An 80-year-old pensioner was burnt to death in a fire that destroyed his home during the early hours of yesterday.
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T&T crying out for intervention
We need a public health intervention for what has gone on here far too long as an issue without leadership. I acknowledge that there have been small pockets of efforts but for the most part we behave as though somehow, someday, violence will resolve itself.
And in the midst of a week of marked brutality, while we Tweeted and paraded our world ranking as the happiest country in the region, that standing was juxtaposed against the deadliest 18-hour period for murders in 2018.
I know we need something to keep some positivity in our circumstances – only last week I set out to speak on happiness and improving our wellbeing. But the violence here threatens to obliterate all peace – security having fled a long time ago – while we almost senselessly praise our happiness ranking. We do so, I believe, seemingly in a vanity that wants to forget the rumpus of our day-to-day existence.
It is important to look at how we are ranked in other areas beyond that of happiness on the global life expectancy profiles.
The current stats have life expectancy in T&T at an average of 71.2 years. For reference, if you lived in Cuba your life expectancy is 79.1, Jamaica, 76.2, and Barbados 75.5. Only Guyana (66.2) and Haiti (63.5) have lower life expectancy than T&T in this region (WHO/UNESCO).
Life expectancy takes a number of things into consideration. Calculations are impacted by where a country stands on various measurable (and measured) social, health, and public health issues, among other criteria.
The possibility that you can die of any condition is expressed by ranking countries according to highest susceptibility. That said, here are some current stats:-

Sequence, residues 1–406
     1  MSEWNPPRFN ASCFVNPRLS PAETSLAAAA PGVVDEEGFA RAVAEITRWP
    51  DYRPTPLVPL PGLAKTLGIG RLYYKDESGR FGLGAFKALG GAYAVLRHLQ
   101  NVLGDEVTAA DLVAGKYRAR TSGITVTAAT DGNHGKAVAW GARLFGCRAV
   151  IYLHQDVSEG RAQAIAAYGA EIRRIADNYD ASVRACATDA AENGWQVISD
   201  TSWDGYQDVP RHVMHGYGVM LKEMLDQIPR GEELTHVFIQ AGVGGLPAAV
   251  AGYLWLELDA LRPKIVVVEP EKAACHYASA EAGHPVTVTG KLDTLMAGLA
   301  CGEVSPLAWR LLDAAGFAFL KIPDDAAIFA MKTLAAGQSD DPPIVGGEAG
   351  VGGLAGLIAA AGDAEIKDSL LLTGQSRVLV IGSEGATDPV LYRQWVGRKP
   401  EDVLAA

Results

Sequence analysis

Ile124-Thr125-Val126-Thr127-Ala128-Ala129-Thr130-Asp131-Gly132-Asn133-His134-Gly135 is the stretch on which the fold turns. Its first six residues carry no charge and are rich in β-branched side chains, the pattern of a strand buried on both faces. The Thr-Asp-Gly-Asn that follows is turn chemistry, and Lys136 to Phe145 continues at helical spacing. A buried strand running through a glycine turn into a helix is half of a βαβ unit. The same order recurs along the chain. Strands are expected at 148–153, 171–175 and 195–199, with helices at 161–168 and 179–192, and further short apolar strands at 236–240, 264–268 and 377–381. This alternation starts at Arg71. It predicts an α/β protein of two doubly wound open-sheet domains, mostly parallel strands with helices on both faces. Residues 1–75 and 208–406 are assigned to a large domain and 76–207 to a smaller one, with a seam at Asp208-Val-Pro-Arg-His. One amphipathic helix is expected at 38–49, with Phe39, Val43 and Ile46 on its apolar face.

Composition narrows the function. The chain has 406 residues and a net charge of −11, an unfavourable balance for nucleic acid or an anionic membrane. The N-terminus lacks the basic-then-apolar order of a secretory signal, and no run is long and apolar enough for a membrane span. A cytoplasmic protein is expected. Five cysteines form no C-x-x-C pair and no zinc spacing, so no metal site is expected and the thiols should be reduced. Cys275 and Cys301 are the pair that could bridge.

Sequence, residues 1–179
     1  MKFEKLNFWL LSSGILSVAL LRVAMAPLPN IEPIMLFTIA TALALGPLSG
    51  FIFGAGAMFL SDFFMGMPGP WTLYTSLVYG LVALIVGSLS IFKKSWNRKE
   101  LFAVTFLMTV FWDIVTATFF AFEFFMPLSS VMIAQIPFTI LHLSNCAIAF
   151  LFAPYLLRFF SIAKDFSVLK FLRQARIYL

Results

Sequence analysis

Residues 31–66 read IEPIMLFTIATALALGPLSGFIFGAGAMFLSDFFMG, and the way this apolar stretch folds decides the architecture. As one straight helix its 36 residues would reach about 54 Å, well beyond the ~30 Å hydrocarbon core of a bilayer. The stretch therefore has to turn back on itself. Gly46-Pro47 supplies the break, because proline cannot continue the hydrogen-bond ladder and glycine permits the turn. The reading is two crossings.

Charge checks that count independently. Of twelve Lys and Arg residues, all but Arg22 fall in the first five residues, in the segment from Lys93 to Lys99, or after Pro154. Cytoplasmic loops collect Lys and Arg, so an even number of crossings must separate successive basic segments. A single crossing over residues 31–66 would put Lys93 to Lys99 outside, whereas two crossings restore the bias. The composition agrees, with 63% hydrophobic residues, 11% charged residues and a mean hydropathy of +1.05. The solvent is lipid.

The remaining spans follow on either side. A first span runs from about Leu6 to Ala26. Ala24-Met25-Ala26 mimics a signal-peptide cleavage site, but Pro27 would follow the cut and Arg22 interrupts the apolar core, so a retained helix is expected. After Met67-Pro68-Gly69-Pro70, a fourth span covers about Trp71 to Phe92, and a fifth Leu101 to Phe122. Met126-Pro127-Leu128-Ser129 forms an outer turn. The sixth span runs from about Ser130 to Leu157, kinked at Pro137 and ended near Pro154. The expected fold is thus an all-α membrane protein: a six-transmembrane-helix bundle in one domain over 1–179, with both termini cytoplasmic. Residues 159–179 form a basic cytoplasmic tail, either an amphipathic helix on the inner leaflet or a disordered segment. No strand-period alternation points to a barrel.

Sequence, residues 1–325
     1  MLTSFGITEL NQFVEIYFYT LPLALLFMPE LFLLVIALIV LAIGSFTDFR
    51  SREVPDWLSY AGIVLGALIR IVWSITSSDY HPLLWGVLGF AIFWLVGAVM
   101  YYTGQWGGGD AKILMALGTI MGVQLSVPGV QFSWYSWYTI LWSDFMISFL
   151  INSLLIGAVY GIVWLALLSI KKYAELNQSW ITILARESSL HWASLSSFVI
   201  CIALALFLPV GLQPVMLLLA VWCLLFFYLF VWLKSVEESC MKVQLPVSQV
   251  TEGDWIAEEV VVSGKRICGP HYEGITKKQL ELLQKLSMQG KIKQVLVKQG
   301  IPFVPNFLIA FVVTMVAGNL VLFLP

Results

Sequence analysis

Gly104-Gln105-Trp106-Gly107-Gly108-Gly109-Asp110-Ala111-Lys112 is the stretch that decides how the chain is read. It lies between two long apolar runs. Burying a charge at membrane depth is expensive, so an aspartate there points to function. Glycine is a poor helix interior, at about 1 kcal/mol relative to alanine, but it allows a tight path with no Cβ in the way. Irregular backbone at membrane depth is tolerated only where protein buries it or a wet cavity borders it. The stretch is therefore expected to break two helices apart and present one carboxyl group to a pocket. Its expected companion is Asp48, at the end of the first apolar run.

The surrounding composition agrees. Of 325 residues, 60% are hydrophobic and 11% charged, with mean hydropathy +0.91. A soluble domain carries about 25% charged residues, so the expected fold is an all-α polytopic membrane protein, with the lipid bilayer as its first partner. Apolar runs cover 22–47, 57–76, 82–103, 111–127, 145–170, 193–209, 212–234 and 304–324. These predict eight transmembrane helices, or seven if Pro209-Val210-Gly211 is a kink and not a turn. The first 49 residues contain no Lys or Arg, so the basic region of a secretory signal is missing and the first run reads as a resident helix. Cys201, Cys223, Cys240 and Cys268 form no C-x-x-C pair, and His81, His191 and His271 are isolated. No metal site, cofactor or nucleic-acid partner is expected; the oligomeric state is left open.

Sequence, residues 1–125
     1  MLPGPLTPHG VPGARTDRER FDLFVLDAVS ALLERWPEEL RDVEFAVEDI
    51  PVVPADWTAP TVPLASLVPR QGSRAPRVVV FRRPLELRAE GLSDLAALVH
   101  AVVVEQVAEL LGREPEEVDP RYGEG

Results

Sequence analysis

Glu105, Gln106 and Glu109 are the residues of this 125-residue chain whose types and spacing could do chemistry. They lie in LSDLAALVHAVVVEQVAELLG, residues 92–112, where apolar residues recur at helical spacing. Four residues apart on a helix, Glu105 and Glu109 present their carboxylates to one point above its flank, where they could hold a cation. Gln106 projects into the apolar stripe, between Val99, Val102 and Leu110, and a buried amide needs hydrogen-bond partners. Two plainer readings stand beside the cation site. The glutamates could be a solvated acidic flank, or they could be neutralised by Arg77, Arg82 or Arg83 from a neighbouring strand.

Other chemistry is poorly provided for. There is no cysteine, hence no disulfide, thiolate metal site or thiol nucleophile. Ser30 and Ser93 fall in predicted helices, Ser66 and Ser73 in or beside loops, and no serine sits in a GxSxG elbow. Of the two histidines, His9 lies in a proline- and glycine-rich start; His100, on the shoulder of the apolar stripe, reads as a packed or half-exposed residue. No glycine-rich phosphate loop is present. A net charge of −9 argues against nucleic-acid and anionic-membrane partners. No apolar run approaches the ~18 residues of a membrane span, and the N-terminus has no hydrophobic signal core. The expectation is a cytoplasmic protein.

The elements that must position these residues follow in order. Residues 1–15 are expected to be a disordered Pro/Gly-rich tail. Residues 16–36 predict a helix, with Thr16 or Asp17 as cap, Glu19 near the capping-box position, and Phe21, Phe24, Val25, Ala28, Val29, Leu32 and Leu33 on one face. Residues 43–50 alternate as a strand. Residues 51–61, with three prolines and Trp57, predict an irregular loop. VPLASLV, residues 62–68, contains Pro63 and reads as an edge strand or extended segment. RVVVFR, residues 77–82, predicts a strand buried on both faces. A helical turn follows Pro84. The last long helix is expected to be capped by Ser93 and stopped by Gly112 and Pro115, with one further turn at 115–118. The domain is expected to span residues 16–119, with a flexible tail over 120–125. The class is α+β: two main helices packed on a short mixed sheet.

Coronary Heart disease – T&T ranks 42 globally; second in the region
Diabetes Mellitus – T&T ranks 4th globally; second in the region
Suicide – T&T ranks 41st globally; and third in the region behind Guyana and Suriname
Violence – T&T ranks 4th globally, after El Salvador, Guatemala, and Venezuela.
This violence of which the latter speaks is not just domestic abuse of women – the most commonly counted. It speaks to interpersonal violence – violence against women, and violence against men as partners in relationships; violence against neighbours, children, parents, and the elderly; gun and gang violence.
In any form and fashion, T&T is the fourth most likely place in the whole wide world where anyone of us could die from a violent act. Let that sink in for a moment.
We are a violent society. And often, those who have some degree of protection and who mostly remain unscathed do not give sufficient thought to the problem on the whole. It’s that adage that goes “until it reach your doorstep” that comes to mind.
As we boast of our “happiness,” I walk the streets here wondering which happy Trini may decide to grab my bag. I’m in a maxi taxi at times wondering which happy Trini might declare a hold up. And it is not that I walk fearful, but I am careful and discomfited by the elements of violence and evil that seem to be everywhere.
Look, I live here and can attest to this being a lovely place but I am no longer tempted to compare it with anywhere else because it keeps angrily turning on itself. And frankly, it is frightening that government after government remains clueless and inaudible about the murderous state and T&T’s continuous decline.
I often wonder if our elected leaders are waiting along with my religious friends for a “miracle” to curb the volatility and reign in the cruelty meted out every morning.
I would like to write about the Happiness Index but this thing too real and every person’s wellbeing is under threat. Daily news is always of physical violence, sexual violence, economic violence, psychological violence and it matters not which sector you peer into, the tranquillity is gone, rubbished by rudderlessness among the young and the old.
Last Saturday I woke up to a WhatsApp video of a man who broke down in tears counting the violence institutions perpetrate on us, he having felt that the courts failed him in his reporting of alleged abuse against him by a woman. I cannot vouch for the veracity of the situation but I am aware of many who feel violated by our systems, which are meant to protect us – Sobo Village is writing its own sad story.
This place is crying out for interventions to reduce violence. The blood runs thick; the pain cuts deep while we still are debating which “hand is the left one.”
– Caroline C Ravello is a strategic communications and media professional and a public health practitioner. She holds an MA with Merit in Mass Communications (University of Leicester) and is a Master of Public Health With Distinction (The UWI). Write to: firstname.lastname@example.org
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